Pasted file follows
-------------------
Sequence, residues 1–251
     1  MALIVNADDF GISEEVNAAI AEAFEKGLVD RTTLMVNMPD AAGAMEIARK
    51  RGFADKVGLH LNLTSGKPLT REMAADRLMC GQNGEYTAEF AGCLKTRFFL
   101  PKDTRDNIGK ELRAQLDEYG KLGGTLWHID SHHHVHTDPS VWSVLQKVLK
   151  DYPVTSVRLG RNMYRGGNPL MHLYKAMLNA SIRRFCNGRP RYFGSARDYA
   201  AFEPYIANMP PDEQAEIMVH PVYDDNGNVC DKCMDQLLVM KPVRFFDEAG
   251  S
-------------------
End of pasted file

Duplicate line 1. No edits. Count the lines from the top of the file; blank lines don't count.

Sequence, residues 1–251